By: Mark Brewer
The work of a manager revolves around conversations. Only through conversations with your team, your peers and work partners, and your own manager, can you influence productivity and engagement. Every responsibility that attaches to the manager’s function as a leader of people depends on the interaction you have with others, most especially your staff.
Because the manager’s primary objective is to influence productivity and engagement, it’s important to understand an essential truth about the interactions this influence requires – the conversations.
In a conversation, the listener controls understanding, not the speaker. This is important not only because it may be counterintuitive at first glance, but because it is in the “speaking” that we invest most of our energy.
Who holds the power in a conversation?
Consider this “Sender-Listener” relationship: throughout our professional careers, we work to improve and refine our skills at “Sending.” We focus on expressing information, thought, and opinion. We practice speaking, presenting, and writing. We strive to refine our verbal and non-verbal messaging to establish our “presence” both in person and through proxies (email, texting, instant messaging, etc.)
We invest far less effort in “Listening.” We tend to view “Listening” as the lesser role in a conversation because we believe that power resides with the Sender. And yet, who controls understanding and interpretation in a conversation? In spite of all our effort to perfect our communication skills it is the Listener who really controls interactions. The Listener, not the Speaker.
It is the Listener who filters and interprets the message. The Listener, not the Speaker, ultimately holds the power to defile or preserve the integrity of the intended message.
No matter how we sweat and strive to improve our messaging, our best efforts succeed or fail on the ears and eyes of the Listener. The real impact of that carefully managed facial expression or highly polished sentence is not in our control. Think back on every conversation, every email in which additional “explanation” was required.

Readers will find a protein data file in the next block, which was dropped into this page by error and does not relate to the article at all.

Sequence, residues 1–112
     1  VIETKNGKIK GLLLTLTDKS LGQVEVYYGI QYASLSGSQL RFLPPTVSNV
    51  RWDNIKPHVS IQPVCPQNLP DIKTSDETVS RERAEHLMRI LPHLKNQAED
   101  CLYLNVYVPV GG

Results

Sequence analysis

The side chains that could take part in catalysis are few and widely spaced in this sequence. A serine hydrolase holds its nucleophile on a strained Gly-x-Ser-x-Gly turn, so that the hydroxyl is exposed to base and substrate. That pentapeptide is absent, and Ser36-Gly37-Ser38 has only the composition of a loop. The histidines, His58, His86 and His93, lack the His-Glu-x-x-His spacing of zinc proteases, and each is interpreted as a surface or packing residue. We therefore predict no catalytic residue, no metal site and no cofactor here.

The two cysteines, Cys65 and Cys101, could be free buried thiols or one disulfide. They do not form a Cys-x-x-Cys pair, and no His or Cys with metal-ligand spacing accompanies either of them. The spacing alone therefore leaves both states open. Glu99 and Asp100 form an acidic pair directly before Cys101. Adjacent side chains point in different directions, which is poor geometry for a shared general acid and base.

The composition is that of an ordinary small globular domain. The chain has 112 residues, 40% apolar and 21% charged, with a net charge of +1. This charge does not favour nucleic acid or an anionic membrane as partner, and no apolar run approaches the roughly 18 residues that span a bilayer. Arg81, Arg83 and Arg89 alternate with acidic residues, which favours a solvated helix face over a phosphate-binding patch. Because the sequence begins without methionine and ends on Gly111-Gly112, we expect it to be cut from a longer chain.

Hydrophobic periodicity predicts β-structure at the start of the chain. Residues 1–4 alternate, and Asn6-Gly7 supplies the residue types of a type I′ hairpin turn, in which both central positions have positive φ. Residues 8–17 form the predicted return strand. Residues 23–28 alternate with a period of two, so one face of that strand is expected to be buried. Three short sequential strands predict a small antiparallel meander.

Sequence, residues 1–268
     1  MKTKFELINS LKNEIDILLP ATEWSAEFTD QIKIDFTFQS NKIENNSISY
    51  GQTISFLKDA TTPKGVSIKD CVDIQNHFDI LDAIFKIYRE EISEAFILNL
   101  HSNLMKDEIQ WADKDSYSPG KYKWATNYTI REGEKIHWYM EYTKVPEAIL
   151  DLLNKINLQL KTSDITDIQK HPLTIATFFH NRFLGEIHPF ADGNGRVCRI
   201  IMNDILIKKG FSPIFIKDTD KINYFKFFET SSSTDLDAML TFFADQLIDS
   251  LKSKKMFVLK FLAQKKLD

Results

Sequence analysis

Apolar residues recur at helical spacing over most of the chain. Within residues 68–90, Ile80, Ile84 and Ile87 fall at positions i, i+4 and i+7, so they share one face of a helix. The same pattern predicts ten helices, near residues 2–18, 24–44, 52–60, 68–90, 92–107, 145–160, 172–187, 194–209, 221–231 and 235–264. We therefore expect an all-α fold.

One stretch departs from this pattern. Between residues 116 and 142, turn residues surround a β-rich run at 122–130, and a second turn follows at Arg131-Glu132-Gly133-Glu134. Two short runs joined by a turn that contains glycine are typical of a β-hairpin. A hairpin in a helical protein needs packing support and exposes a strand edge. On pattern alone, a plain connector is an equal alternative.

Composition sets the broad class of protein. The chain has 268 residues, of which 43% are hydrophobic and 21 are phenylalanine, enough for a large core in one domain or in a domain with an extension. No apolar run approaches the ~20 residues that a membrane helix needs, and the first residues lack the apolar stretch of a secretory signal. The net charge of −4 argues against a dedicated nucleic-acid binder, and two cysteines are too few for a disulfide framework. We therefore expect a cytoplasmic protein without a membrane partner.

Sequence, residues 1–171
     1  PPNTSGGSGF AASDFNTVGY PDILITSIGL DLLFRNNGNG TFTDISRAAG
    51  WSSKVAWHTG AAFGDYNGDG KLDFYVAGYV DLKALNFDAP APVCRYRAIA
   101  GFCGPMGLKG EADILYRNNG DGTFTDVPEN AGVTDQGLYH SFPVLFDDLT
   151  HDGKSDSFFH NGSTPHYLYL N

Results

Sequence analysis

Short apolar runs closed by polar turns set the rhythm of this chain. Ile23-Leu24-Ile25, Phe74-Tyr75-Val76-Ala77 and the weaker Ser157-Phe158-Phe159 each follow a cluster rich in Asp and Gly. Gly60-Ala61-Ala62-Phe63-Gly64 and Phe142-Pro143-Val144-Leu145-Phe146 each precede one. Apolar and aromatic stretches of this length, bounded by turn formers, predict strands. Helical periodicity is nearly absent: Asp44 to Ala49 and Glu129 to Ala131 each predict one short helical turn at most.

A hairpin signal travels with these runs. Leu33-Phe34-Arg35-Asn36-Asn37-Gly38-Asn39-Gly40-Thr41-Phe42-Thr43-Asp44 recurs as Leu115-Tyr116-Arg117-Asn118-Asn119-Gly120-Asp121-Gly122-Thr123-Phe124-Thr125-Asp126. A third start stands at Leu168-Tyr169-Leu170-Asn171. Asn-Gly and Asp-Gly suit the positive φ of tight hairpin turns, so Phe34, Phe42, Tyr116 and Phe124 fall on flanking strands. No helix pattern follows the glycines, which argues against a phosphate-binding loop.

What does this mean for the manager, who is not only reliant upon, but responsible for, others’ productivity and engagement? The answer is simple, but vexing: become the Listener.
How to go from Sender to Listener?
When so much depends on our ability to explain, direct, or cajole, how can we possibly lead others in the “passive” role of a Listener? It seems like driving from the passenger seat. (That analogy might be useful here: the manager’s role may be less akin to driving a vehicle than to coordinating and motivating multiple drivers in multiple vehicles, ensuring that the company’s “fleet” is being operated efficiently and in concert.)
The answer is simple. To become the Listener, ask questions.
Among the many devices in our human communication toolkit questions are the power tools. Questions open doors. Questions discover and uncover. Questions give us insight we would not have otherwise. Questions sponsor thought and expression. Questions generate information that translates into knowledge, making us better equipped to make informed choices.
With apologies to Wayne Gretzky, “You gain zero insight from 100% of the questions you don’t ask.”
Recognize, though, that questions serve a dual purpose. We may view a question as an extraction device used to pry loose information. But questions also build bridges between people. Questions, used well, build trust and confidence, instill autonomy and personal accountability.
The key phrase here is “questions used well.” A question is a complex recipe of all our native communication skills: the words we choose, the tone and inflection of our voice, the non-verbal signals we send. Likewise, the power of a question to inform extends beyond the literal answer, to the way in which the question is answered — the reaction of the other.
Use the right words
Yet word choices are the essential ingredient in the mix. Changing a single word alters a question immeasurably, and there are dozens of ways to ask the same question. Mark Twain explained, “The difference between the almost right word and the right word is really a large matter. ’tis the difference between the lightning bug and the lightning.” Consider this familiar phrase:“What were you thinking?”
Observe the impact of only modest changes to this simple sentence, affecting not only the likely reactions, but also the tone of the question-asker:“What are you thinking?”“What do you think?”
The well-constructed, well-expressed questions can uncover unknowns that can substantially alter understanding and improve communications. For the busy manager these questions can greatly enhance productivity and agreement in the workplace.
About the Instructor: Mark Brewer
Mark is a senior expert in management and leadership development with over 25 years in practice across industries including financial services, engineering, manufacturing, telecommunications, and retail. He specializes in helping business leaders master talent development best practices to drive performance and engagement in their teams and in their organizations.